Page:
A German family, the Romeike, are granted political asylum in the US due to persecution for homeschooling their 5 children in Germany.
A US Immigration judge has granted political asylum for a family from Germany due to persecution resulting from their choice to home school their kids.
It seems that the German government has an issue with parents who don't send their children to "state" schools, even going to far as to fine or jail those who do home school. (via the Washington Times...)
The Romeikes home-schooled their children in Germany and received fines totaling $10,000. On one occasion, Mr. Donnelly said,
police hauled their children off to school. In 2006, the Romeikes emigrated to Tennessee and continued home schooling their children. Mr.
Donnelly said the family applied for political asylum within three months of arriving in the U.S.
This is the kind of thing that stems from a mentality that government should have a monopoly on educating children. It's a mentality that is threatened by a loss of control over messages. When a government wants to control what children are (and are NOT) taught, there's a motive...and it's a sure thing it's not in your best interest. Link
This is interesting news - Homeschooling in Germany is illegal. Why is homeschooling a threat to German society?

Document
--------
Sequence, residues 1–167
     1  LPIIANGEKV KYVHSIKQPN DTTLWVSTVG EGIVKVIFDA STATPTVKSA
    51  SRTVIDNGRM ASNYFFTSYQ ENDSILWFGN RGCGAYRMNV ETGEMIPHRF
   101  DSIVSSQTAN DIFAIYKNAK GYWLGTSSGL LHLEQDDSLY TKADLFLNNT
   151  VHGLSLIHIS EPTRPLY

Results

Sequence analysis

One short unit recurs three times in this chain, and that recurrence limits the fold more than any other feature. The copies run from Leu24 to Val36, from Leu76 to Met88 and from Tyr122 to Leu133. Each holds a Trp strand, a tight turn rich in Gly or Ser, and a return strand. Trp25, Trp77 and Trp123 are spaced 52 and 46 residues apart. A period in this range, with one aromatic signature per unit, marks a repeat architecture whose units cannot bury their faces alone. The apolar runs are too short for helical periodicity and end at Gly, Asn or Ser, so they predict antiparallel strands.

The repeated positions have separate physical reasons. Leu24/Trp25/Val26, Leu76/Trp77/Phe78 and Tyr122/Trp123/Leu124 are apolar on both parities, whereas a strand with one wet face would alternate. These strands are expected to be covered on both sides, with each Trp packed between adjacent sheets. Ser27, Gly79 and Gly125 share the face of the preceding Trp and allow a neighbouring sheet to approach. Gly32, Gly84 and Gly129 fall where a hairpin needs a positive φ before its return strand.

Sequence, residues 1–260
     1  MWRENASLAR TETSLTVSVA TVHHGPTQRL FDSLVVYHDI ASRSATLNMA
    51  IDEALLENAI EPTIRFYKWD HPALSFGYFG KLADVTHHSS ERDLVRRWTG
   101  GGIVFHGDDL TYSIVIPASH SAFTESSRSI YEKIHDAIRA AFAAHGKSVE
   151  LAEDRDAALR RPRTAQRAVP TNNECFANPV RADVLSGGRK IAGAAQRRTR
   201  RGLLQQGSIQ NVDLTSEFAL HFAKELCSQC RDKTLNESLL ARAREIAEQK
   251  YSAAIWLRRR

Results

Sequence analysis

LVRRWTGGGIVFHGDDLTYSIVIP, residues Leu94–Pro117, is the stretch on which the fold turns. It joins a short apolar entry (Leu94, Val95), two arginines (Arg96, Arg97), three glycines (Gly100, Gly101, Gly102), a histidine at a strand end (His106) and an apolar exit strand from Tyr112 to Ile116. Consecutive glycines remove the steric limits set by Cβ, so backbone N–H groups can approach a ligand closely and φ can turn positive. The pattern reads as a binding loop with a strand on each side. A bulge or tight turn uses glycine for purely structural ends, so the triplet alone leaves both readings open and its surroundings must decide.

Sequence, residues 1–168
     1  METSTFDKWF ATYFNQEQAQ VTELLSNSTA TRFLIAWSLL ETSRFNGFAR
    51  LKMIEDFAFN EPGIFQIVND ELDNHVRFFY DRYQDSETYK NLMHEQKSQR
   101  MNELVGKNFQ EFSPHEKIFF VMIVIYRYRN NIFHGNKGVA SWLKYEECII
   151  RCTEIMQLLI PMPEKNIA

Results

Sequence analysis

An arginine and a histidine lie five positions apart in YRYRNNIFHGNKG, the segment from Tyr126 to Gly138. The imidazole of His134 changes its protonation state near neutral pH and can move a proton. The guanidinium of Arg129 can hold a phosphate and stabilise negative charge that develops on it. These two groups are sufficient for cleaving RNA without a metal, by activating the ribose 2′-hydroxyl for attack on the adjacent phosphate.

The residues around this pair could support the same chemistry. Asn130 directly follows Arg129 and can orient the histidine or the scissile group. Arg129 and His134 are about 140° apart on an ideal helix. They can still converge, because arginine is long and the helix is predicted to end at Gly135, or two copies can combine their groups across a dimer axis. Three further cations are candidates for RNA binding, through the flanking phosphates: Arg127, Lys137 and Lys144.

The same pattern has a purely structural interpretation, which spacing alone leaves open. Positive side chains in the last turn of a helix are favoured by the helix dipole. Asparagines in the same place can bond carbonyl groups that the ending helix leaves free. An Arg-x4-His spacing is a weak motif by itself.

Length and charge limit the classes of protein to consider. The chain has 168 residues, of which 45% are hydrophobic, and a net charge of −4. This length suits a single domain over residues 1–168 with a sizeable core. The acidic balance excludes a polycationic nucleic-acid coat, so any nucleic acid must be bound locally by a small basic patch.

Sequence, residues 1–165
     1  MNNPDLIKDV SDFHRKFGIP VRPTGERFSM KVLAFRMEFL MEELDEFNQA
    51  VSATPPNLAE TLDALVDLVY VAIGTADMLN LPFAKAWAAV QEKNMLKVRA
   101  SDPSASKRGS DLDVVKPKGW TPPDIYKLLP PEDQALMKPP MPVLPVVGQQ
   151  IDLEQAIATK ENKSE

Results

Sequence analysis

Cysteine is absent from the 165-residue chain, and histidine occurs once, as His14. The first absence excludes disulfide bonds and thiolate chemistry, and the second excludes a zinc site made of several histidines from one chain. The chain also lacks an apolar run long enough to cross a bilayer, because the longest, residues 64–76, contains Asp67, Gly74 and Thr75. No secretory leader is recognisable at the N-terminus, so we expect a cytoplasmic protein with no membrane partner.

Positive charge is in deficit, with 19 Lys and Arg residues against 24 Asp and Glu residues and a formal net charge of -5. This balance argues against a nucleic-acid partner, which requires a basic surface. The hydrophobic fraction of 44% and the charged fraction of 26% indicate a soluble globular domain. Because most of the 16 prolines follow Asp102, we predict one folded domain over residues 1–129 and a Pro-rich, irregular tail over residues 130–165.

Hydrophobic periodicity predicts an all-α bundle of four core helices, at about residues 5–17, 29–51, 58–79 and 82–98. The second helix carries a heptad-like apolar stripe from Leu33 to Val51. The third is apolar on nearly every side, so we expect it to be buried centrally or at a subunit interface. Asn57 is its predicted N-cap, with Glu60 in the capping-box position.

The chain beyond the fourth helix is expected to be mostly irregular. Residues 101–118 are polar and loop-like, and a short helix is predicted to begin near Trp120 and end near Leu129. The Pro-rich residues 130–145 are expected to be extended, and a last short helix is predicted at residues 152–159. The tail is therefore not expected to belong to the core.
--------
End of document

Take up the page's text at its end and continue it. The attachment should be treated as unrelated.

It is also illegal in Brazil.
I'm somewhat ambivalent towards homeschooling. I believe every parent have the inherent right to see what is best for their children's education, especially if they feel the schools are providing poor learning environment or negative peer-pressure that impacts on their child's safety. But yet, I wonder sometimes if the parents are even qualified or remotely prepared to teach their children all the comprehensive subjects they need to compete in the adult world (especially to enter college). I cannot imagine my parents (both without a high school education) homeschooling me and succeeding.
My one opposition to homeschooling is the social development of education.
Children need to learn to interact with their peers, learn to play, converse, debate, public speak with social diversity and with children from ethnic backgrounds.
Diversity cannot be learned from a textbook.and especially cannot be learned in the confines and shelter of their home and family.
Homeschooling can potentially give the child a one-sided point of view (mainly from their parents religious or political belief) and block or diminish all points of view.
It can also reduce a child's sense of social engagement with their community as they get older.
If parents can incorporate some social aspect and diversity interactions into their curriculum, more power to ya!